Legionnaires' disease outbreak investigation toolbox

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Developing Understanding

Legionnaires' disease

Legionnaires' disease is an atypical form of pneumonia caused by bacteria of the genus Legionella. Diagnosis of cases is based on clinical identification of pneumonia and microbiological confirmation. The majority of cases are reported as single (isolated or sporadic) cases that occur throughout the year but with a seasonal variation with most cases occurring in late summer early and autumn. However, clusters (cases associated in space and time) and outbreaks (clusters with a suspected common source) can also occur. People become infected when they inhale Legionella bacteria which have been released into the air in aerosolised form from a contaminated source. As such, when faced with an outbreak or cluster, careful consideration should be given to any potential sources in the locality. Given that the infectious agent is airborne, if cases appear close to a national border or have a history of travel, protocols should be enacted to enable swift cooperation between states, such as data sharing and effective communication strategies. A schematic showing a potential outbreak with major events and decision points is available.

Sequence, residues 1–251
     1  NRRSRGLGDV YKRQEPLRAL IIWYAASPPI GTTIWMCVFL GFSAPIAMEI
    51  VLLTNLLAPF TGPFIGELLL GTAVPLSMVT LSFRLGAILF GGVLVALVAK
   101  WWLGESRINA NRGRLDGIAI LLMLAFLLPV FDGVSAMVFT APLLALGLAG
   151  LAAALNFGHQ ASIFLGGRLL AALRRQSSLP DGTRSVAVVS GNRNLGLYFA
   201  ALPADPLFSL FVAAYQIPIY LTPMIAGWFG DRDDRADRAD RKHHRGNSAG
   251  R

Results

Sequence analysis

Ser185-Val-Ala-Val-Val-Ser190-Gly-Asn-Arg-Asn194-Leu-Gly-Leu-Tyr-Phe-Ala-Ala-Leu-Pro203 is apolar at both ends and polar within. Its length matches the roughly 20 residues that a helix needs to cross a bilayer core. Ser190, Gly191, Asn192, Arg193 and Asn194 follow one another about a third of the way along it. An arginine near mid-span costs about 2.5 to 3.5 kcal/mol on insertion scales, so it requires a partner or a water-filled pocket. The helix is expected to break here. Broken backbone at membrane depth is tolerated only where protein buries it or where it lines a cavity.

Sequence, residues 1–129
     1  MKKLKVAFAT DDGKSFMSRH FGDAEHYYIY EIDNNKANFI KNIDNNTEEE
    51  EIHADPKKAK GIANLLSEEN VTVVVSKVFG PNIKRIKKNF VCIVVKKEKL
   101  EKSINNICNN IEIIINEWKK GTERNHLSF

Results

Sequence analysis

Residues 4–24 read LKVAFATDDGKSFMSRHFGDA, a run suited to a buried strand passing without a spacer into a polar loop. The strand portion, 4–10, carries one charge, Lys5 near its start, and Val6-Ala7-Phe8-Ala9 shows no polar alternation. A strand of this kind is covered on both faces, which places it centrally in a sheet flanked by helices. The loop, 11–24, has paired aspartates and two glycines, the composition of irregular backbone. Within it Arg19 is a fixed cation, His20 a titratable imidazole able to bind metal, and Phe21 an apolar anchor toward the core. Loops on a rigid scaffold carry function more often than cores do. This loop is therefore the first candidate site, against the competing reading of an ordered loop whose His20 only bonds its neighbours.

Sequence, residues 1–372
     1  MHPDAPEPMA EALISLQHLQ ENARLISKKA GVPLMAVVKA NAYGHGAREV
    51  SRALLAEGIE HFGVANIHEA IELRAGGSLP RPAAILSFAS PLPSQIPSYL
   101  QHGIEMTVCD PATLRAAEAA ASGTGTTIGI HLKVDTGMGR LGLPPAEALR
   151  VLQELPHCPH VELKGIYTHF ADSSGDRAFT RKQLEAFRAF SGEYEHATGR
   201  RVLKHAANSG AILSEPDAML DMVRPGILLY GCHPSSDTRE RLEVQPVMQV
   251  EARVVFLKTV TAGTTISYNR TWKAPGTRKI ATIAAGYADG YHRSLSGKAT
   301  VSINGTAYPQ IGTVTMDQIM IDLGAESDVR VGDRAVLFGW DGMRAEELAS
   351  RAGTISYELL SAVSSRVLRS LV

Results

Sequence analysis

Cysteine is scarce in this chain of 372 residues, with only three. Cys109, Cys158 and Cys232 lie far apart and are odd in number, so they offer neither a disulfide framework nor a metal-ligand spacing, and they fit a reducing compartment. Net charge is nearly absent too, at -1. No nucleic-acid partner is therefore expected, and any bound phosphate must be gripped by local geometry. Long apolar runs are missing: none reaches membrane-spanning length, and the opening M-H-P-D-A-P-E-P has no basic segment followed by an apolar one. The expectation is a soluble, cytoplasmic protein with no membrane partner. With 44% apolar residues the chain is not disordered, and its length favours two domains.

Following a search of the scientific and technical literature, articles relevant to outbreak scenarios have been reviewed and summarised on subsequent pages. The publication name, citation and any public access link are provided:

Outbreak Preparedness

Prior to any outbreak occurring in a locality, suitable preparation should be made to ensure staff are aware of their expected roles and responsibilities during an outbreak (training and safety considerations) and the context of the legal issues. Guidance on the constitution and membership of an outbreak control team is available.

Outbreaks and clusters might involve travel-associated cases (maybe as heralds of subsequent local cases). In this situation, staff should be aware of their responsibilities should a history of international travel become apparent from a case's interview history. For further information on outbreaks with potential international implications.

Staff involved in environmental investigations should be aware of the requirements of environmental sampling procedures and potential engineering issues (specimen engineering designs for cooling systems and spa pools and associated water systems). A thorough risk assessment should be carried out prior to site visits, see here for additional information on creating a risk management plan for a site. The outbreak control team first reviews the epidemiological information provided by each case to decide where to focus initial environmental investigations and control measures. If the patients are all associated with a particular building, the initial investigations should be targeted at all the water uses in that building, otherwise alternative potential sources should be considered. Similarly, prior to departure to a potential source location, guidance is offered here.

It might be helpful to consider a list of equipment and materials that field staff will find helpful prior to site deployment. An indicative list is available here but as each outbreak is unique this should be reviewed given the particular outbreak demands.